I’ve been thinking about queer visibility past and present a lot lately. I am the consulting curator for “The Art of Romaine Brooks,” an exhibition that opened at the Smithsonian American Art Museum in Washington DC just five days after the largest mass shooting in U.S. history, on June 12 at the Orlando LGBTQ nightclub Pulse. These two events were not intuitively or obviously linked, but in the following days of grief, shock and mourning, their unexpected juxtaposition and links became more apparent. The opening of a queer-themed show at a federally funded museum a few blocks from the White House and the horrific killing of 49, mostly queer, people in Florida offered stark reminders of progress and of failure. During that week, the initial visitors to the show saw the Smithsonian’s forthright presentation of a lesbian artist’s eroticism, her challenges to dominant modernity, and her portraits’ (and sitters’) gender play in fashioning queer identities. Nearby on Capitol Hill, right-wing Congressional Republicans engaged in a political theater of public mourning, even as they deliberately erased the victims’ specific identities and refused the killer’s rationale for targeting this nightclub. On the one hand, the exhibition adopts queer visibility as a corrective to the closet of the past; on the other, that very visibility made queer people the targets of fatal, homophobic violence.
This is not to conflate two queer communities from different times and places, whose identities and experiences were vastly different. Brooks and her sitters were wealthy white women whose social privilege insulated them (somewhat) from the worst of early 20th century’s social prohibitions and consequences while, as has been widely reported, those who frequented Pulse were largely an already-vulnerable, mostly minority population. And yet both groups had known loss and alienation: many in Brooks’ circle gained personal freedom by abandoning family and home for lives as expatriates; some patrons of Pulse undoubtedly found refuge in local queer communities after rejection from biological families and friends. Both responded to this loss by creating safe alternative spaces where they could be visible to each other and free in their most authentic selves, whether in the creative, expat salons of London and Paris or in the LGBTQ nightclub.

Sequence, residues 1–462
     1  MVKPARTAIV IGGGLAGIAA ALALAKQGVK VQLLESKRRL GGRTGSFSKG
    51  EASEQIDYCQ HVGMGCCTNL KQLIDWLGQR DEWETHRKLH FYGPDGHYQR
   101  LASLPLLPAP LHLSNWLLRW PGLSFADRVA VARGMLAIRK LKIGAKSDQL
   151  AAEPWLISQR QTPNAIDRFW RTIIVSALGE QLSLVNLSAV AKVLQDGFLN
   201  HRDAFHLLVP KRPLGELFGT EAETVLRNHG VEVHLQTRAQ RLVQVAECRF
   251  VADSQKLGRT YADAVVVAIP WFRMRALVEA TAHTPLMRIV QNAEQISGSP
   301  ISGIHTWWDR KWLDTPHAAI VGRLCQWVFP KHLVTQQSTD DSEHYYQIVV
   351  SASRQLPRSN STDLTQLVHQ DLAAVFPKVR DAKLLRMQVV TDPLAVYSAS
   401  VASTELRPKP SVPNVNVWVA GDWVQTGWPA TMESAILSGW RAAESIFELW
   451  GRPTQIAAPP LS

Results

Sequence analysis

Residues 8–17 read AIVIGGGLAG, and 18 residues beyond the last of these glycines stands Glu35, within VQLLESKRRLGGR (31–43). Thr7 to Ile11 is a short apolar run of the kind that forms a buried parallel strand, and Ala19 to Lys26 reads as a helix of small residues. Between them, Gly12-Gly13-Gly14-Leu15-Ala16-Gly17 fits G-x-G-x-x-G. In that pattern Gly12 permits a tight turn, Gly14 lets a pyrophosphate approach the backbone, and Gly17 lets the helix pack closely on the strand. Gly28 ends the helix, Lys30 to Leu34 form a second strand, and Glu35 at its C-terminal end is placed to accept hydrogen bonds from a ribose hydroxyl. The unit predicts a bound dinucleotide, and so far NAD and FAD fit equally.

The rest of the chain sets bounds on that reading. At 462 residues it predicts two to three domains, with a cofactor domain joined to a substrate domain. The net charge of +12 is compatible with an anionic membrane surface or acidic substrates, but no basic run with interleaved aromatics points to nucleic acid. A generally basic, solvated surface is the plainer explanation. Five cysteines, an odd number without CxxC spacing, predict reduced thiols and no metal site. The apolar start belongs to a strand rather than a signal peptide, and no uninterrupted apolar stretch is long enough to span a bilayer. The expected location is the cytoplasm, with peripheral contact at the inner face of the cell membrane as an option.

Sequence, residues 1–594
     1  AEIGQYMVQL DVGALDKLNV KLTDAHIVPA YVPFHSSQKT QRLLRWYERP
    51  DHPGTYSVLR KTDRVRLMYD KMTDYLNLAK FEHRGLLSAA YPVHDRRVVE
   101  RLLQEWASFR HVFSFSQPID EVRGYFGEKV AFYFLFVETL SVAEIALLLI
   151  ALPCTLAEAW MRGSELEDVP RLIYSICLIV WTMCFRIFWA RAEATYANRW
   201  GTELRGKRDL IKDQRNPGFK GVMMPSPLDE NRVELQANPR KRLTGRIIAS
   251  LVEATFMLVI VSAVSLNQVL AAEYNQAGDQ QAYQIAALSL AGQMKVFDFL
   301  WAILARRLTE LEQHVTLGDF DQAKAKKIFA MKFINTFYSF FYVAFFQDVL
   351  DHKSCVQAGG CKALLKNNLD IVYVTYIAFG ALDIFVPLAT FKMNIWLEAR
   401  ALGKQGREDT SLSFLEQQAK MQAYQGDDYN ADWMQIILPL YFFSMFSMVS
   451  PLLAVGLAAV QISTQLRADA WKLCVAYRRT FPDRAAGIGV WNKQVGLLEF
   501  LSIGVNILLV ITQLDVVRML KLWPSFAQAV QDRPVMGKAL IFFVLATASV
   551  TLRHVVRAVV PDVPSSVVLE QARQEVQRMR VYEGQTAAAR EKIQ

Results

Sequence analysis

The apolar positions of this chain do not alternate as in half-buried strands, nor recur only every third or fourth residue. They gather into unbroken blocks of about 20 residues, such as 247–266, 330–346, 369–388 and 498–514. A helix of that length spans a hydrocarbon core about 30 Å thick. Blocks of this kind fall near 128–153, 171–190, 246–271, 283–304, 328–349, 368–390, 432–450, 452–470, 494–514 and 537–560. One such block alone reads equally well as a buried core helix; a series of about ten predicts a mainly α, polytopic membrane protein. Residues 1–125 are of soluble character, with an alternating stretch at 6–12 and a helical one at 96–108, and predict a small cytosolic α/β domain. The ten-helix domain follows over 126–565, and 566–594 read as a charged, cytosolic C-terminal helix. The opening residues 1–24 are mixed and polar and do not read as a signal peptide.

It’s this aspect of the Pulse shootings that I grieve the most, that a space of freedom, safety and refuge was violated and turned into a killing ground. More than that, now a younger generation of queer people must incorporate the same feeling of fear, of being a target, that it was beginning to feel - at least for a moment - they would have the luxury of not knowing, and that their older peers had worked so hard to protect and insulate them from in forging just these queer-centric spaces of independence or escape. Performance studies scholar Julia Steinmetz has written poignantly about this eruption of violence, death, and fear inside a space of queer joy and innocence, responding to the artist Cassils’ beautiful, sad film project 103 Shots developed with queer people attending San Francisco Pride in the immediate wake of Pulse.
Queer communities are communities always in the process of becoming, whether it is a group of women self-fashioning identities of modernity and gender play, or Floridians who must now incorporate new grief and sadness into their knowledge of self and must now remember the constant threat of homophobic violence that some may have believed had begun to recede into forgetting. But as was true in 1920s Europe, the process for these LGBTQ communities remains the same: resist, bear witness, continue, grow.
Walking through the galleries in that moment of mourning after the Pulse massacre, the quietness and seriousness of Brooks’ work seemed to resonate differently to me. Melancholic, but also strong and resolved. Passing the visitor comment book, I noticed this on one of its first pages:
(6/16/16) Ever since HIDE/SEEK, I’ve come here often. Today, just after the Pulse tragedy in Orlando, I was comforted by the Romaine Brooks exhibit. This is a welcoming place.
And in that brief moment, I knew that across time, space and a multitude of differences, queer visibility is a necessity, queer solidarity both possible and imperative.